Getting Realistic about Social Media
I was recently asked what practical advice I would give an audience of wine store owners who want to use social media campaigns to increase sales. My response was not to bother, which reflected the experience of the retailers in the room, none of whom had an eCommerce website. My answer shocked me a little as I’ve had great experiences using social media, but from a practical perspective I recognize that the measurable impact of social media for a retail store is pretty small. For a store with no experience selling online there are several more significant steps to take that will produce sales.
A recent Fast Company magazine article, projected that 80% of US companies will participate in social media marketing this year. The article likens the current climate to the early days of TV where companies are experimenting with the platform, but aren’t seeing or expecting to see revenue from it. This lack of accountability is partly due to the fact that social media marketing can be notoriously difficult to measure, and are unpredictable in their impact as companies are often surprised by what takes off and what doesn’t.
A review of the web analytics for the top 40 retailers on the BevSites eCommerce platform gives a pretty consistent view of the impact social media has in driving referrals to the store website. This group of stores includes several multi-million dollar websites that are pretty sophisticated with their marketing. Yet, only 10 stores were able to generate more than 1% of their referrals from social media. A deeper analysis of the referral sources shows that some stores have been very successful on Yelp which accounted for between 60-80% of their social referrals. By removing the Yelp results only 5 stores are driving more that 1% of their traffic from social media. These stores were using the social platforms in a truly social way, by engaging new and existing customers on Facebook, Twitter or even Yahoo Answers.
It could be argued that the benefits of social media don’t show up with Analytics tracking. New customers might be influenced by reviews or a post from their friend’s Facebook news feed, but the transaction or even the visit to the website might not follow a measurable path from social media. It is also true that the impact of social interactions accumulates over time and can have a multiplier effect.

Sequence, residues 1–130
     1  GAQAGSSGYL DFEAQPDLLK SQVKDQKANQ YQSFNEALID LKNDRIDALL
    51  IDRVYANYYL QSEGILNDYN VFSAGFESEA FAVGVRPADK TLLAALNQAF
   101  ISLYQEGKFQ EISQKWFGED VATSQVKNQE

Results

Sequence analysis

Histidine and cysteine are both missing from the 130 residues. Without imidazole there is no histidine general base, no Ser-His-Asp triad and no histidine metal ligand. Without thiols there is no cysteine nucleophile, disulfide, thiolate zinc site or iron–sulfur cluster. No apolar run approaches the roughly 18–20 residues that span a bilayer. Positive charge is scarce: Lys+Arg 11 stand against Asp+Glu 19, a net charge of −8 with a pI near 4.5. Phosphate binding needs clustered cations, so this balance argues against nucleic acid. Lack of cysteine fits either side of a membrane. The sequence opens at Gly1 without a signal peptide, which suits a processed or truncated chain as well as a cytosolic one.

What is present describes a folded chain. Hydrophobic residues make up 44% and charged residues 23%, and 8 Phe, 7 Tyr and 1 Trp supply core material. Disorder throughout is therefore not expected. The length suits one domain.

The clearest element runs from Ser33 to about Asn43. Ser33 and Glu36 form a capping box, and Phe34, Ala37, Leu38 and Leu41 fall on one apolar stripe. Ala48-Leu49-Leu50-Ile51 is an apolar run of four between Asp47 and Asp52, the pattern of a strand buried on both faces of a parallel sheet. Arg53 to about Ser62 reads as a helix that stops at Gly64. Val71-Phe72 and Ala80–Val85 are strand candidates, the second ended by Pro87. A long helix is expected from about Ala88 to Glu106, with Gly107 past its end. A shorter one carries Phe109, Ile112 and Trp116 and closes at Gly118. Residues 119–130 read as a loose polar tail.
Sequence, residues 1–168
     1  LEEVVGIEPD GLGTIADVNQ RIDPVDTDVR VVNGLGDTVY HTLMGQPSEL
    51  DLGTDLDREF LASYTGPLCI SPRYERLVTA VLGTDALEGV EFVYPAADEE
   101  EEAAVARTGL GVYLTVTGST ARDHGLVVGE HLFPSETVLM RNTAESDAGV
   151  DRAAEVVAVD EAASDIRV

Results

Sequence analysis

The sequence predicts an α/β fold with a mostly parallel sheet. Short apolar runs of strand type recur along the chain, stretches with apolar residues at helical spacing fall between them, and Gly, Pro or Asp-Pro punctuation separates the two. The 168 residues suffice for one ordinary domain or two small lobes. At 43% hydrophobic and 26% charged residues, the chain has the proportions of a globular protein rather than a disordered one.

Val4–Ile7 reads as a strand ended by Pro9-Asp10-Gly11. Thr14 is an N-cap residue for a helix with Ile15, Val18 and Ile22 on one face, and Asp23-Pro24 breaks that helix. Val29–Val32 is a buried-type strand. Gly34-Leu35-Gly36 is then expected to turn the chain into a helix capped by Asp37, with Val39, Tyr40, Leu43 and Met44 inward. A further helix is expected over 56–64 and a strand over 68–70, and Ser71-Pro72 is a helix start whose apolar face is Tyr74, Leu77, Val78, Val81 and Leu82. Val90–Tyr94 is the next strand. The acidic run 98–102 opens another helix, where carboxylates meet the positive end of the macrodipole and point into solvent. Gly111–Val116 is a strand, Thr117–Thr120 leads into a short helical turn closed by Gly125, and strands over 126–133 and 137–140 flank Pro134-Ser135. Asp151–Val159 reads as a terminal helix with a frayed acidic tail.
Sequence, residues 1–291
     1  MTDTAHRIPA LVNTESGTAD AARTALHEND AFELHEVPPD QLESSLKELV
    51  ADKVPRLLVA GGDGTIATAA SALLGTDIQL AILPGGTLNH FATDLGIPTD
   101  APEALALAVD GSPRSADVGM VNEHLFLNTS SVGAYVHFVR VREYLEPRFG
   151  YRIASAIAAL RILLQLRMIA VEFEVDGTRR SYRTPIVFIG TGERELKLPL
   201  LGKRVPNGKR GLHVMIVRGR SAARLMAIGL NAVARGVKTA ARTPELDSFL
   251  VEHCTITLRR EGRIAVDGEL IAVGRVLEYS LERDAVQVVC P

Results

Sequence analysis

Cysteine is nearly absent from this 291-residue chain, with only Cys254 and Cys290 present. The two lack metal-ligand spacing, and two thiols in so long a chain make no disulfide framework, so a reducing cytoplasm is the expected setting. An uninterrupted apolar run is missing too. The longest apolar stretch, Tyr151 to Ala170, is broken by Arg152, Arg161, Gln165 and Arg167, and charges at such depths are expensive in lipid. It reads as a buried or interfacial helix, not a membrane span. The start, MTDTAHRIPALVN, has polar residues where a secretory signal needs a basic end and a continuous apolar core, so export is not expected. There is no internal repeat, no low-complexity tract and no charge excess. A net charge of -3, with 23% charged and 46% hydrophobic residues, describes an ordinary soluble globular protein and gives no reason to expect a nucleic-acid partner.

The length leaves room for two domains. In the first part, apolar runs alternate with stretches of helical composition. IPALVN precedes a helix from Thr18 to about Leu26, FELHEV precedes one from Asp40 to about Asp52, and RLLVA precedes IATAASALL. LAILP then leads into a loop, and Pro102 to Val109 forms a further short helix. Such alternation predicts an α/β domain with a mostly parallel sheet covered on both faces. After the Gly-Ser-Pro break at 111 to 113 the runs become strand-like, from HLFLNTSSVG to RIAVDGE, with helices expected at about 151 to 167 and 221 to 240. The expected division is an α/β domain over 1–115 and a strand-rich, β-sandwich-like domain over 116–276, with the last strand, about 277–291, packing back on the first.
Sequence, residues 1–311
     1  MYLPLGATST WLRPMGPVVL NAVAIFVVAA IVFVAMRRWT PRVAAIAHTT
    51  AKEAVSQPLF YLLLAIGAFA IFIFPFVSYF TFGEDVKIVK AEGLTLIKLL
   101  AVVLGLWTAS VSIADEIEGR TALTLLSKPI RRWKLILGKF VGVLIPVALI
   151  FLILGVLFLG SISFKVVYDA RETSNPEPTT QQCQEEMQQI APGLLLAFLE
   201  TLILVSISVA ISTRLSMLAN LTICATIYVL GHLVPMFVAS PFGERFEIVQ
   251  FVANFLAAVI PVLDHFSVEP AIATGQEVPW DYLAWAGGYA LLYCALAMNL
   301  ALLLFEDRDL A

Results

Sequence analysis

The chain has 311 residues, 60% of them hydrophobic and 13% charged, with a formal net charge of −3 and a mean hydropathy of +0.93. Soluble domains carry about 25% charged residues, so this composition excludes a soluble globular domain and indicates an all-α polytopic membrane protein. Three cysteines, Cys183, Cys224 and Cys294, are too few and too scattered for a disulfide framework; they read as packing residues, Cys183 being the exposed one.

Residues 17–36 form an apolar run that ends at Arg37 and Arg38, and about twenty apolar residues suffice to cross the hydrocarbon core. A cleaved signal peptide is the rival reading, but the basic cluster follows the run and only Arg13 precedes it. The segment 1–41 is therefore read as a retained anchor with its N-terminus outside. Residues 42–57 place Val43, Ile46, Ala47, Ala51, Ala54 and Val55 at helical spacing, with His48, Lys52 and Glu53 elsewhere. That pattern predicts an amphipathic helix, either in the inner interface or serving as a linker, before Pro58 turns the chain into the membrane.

The following are the different levels of social engagement we see for wine stores:
The minimal level of effort involves claiming your Yelp, Foursquare and Google+ Local pages. These pages represent your store and will collect consumer reviews without much interaction on the part of the store. Setting them up with good pictures and logistical details is well worth the effort.
The next step is where the store is creating its own content. At a minimum these stores are republished their email campaigns on Facebook, Twitter, Google+, etc. This grows to include interesting articles from other sources.
The final stage is where things start to get social; where customers are being engaged. The goal here is growing the comments, likes and retweets you receive against your content. Be patient and expect small numbers,
In deciding your level of participation you want to look at it in the context of your overall marketing strategy and how social media fits into that plan? Who are your customers and where do they hang out? And finally who is going to feed the beast? It is rare for a store owner to be drawn to social media and have the capacity to feed it while juggling the priorities of the store. It is more common stores will set loose salespeople who are already active online and gravitate to using Facebook or Twitter to express themselves. For stores with some experience selling online social media could well be worth the effort, but proceed with caution, be patient, and expect the numbers to be small.